Vaginal atrophy exposes women to other health complications. Because there’s an acidic imbalance in the vaginal biome, bacteria and yeast find it easier to grow. It also exposes you to urinary atrophy, which causes frequent urination and burning sensations.

Ways to Treat Vaginal Atrophy

With the right treatment plan, you can combat vaginal atrophy and improve your vaginal health. Below are some tips;

Topical Estrogen:

Topical estrogen involves increasing your estrogen levels through the skin. Balanced hormone levels can help relieve symptoms of vaginal atrophy, such as dryness and thin vaginal wall.

Topical estrogens are available in different forms – there are vaginal rings that are inserted into the upper part of the organ.

There are vaginal estrogen creams that are placed into the vagina before going to bed. And some tablets are inserted using an applicator.

All these forms of topical estrogen release doses of the hormone slowly in your blood, thereby regulating its balance.

Wearing Cotton Panties

Using cotton underwear and loose clothes can assist in the proper circulation of air in the vaginal. This makes the environment less ideal for harmful organisms.

Stay Sexually Active

Though women suffering from vaginal atrophy experience pain during sex, experts recommend staying sexually active. Sexual intercourse improves blood circulation to the vagina and helps keep it lubricated.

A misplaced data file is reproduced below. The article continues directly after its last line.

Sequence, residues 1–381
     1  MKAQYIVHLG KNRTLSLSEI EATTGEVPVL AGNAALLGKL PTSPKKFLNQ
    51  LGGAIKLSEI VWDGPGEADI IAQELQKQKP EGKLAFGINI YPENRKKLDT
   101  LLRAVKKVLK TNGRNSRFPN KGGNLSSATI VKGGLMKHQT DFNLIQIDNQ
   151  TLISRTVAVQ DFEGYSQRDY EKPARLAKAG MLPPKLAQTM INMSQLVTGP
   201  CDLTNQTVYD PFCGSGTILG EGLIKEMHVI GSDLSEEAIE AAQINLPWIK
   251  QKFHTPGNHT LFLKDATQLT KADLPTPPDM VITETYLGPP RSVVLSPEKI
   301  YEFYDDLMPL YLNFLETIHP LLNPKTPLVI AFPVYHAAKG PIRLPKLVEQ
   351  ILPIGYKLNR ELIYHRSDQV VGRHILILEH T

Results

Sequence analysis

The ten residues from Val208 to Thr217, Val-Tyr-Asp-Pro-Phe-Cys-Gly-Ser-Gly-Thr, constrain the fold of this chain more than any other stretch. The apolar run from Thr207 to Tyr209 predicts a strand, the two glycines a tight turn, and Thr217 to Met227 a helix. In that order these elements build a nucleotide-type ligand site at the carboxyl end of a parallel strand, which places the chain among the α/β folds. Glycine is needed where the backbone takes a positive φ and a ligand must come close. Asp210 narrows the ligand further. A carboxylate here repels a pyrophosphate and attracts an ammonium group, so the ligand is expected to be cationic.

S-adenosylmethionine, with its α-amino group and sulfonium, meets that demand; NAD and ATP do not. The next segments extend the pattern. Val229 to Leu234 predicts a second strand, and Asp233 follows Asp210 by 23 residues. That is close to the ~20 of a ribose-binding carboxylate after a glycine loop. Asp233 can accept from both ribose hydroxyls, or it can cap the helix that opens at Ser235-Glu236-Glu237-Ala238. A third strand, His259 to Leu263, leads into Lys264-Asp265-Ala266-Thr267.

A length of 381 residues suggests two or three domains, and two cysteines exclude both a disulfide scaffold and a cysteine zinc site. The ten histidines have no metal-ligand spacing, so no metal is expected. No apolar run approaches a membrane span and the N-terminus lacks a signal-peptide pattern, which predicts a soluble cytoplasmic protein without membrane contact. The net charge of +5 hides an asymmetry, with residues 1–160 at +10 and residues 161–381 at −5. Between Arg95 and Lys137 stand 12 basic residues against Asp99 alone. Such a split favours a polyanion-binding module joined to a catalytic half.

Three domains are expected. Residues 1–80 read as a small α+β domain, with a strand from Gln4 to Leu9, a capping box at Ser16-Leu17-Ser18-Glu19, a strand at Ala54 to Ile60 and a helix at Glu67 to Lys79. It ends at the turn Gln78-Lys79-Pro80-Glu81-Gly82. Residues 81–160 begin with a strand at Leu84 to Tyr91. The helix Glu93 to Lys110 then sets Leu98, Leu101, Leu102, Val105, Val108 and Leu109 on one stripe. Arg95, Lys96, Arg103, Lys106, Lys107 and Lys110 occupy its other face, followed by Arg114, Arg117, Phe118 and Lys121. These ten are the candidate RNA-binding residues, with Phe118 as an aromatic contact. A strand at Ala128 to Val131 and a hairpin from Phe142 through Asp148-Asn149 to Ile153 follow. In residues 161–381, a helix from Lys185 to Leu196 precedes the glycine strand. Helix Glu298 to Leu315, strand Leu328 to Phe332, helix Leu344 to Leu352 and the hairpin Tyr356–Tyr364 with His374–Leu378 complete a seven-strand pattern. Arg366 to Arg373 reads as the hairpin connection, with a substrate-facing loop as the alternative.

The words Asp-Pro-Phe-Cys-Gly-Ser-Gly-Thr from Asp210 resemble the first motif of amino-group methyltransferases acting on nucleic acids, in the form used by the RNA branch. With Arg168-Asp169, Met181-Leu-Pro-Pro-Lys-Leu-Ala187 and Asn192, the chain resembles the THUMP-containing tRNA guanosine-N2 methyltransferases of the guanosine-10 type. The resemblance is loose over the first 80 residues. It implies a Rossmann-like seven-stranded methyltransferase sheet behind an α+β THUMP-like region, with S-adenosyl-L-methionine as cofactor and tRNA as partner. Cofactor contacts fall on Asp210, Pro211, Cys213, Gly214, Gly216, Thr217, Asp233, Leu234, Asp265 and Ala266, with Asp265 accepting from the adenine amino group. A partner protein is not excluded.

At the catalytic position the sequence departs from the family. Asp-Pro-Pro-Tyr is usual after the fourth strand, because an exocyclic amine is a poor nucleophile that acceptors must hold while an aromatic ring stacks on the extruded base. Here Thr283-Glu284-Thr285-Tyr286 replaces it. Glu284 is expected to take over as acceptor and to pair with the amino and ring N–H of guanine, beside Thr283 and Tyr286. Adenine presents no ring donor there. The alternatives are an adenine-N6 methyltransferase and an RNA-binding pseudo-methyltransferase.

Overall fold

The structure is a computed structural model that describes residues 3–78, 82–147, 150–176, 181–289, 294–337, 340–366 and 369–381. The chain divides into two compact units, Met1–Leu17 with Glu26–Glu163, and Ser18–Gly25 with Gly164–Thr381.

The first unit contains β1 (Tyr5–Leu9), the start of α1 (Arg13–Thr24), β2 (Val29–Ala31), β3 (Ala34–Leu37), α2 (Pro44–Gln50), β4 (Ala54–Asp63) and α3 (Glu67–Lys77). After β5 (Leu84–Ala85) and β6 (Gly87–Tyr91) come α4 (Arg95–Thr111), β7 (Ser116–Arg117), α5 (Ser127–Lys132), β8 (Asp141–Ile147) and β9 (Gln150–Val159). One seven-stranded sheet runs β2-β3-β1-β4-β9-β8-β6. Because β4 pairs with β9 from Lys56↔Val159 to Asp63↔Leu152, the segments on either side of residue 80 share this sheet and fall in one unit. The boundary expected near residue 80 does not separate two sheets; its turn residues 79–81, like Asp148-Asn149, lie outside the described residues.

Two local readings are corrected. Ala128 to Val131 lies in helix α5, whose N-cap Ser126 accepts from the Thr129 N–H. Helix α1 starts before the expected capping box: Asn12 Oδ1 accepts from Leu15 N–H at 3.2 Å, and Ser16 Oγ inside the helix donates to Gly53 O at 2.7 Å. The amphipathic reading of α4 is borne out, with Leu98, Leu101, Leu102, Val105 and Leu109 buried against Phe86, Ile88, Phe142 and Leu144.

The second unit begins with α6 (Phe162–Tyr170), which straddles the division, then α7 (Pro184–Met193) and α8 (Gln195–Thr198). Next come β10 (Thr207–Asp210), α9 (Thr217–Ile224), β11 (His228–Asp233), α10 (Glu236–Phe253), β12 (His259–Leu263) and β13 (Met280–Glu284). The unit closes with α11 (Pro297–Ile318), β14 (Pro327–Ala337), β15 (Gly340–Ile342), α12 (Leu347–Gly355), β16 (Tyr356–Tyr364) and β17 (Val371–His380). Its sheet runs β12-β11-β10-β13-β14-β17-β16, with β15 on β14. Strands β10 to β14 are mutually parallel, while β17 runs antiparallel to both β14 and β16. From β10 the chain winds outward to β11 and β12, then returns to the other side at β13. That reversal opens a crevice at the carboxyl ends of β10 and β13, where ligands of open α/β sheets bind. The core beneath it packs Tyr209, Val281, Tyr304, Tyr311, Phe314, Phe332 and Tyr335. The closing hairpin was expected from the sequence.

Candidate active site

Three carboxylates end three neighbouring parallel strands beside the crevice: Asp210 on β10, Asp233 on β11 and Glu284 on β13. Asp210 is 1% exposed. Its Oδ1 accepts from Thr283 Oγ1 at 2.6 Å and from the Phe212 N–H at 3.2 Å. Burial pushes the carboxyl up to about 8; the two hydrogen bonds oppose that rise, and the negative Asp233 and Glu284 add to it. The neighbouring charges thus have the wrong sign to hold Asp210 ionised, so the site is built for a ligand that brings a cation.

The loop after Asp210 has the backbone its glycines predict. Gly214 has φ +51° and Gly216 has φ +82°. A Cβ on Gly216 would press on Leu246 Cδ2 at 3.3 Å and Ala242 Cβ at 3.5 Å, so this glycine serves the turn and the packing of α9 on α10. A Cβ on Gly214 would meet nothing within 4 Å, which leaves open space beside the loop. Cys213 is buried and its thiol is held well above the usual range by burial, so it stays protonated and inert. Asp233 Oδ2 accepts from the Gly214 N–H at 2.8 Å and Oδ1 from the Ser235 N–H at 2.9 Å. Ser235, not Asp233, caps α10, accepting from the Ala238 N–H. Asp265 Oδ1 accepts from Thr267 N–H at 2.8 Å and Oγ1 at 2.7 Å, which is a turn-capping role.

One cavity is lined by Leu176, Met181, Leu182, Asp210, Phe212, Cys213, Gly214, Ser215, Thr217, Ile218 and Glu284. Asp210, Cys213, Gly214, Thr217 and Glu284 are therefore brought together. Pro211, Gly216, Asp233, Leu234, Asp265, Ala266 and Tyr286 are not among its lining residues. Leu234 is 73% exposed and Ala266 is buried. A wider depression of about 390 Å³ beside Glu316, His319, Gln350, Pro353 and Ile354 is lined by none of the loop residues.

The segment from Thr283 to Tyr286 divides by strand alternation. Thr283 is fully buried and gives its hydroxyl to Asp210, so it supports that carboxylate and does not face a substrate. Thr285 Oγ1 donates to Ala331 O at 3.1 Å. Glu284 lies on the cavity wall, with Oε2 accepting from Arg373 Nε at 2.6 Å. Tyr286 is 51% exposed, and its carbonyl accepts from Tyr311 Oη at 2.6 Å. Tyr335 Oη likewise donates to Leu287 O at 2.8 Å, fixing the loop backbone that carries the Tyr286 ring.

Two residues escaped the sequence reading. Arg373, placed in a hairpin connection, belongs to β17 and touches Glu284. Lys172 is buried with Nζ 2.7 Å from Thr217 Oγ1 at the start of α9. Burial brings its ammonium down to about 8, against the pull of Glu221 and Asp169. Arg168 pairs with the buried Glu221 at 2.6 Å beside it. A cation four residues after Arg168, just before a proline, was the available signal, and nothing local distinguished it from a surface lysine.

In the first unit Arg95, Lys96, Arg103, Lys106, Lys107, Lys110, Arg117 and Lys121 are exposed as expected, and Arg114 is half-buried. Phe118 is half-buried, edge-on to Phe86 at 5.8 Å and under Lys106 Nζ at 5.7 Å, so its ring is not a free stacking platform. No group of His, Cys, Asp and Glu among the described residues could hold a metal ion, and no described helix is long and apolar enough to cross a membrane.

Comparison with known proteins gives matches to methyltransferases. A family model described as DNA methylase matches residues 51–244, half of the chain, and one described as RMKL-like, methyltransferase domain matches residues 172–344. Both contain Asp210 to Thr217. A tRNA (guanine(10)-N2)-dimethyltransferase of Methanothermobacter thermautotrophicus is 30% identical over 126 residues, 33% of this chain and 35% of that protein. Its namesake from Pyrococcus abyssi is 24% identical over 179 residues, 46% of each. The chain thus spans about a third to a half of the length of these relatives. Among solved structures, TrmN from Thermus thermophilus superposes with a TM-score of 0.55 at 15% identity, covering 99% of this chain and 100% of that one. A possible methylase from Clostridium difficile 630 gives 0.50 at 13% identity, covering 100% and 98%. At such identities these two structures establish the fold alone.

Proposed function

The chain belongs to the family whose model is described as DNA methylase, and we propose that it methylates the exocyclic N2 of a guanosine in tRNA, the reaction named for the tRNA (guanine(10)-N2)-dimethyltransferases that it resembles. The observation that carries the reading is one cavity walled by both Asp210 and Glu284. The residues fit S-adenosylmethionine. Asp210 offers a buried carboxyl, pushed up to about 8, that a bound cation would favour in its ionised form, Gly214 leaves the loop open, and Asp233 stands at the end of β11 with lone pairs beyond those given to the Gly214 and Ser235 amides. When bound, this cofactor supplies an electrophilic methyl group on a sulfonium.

Use Lubricants and Moisturizers

Lubricants add moisture to the vagina, prevent dryness, and make sex more comfortable. Moisturizers, on the other hand, help relieve irritation and reduce dryness.

6. Urinary Incontinence (UI)

Though urinary incontinence can be experienced at any stage of life, menopause increases the risk of developing the condition. Dropping in estrogen levels during menopause causes the linings of the urethra to thin, and the pelvic muscles become more relaxed and weaker. The lower your estrogen levels, the more you become exposed to urinary incontinence.

Urinary incontinence means loss of bladder control, and millions of women experience it as they reach the age of menopause. The condition, however, doesn’t mean you’ve lost total control of your bladder – usually few drops of urine will leak when you laugh or cough, and you might not be able to keep urine before you reach the toilet.

Like any other menopause complications, the risk of urinary incontinence can increase due to some factors, including: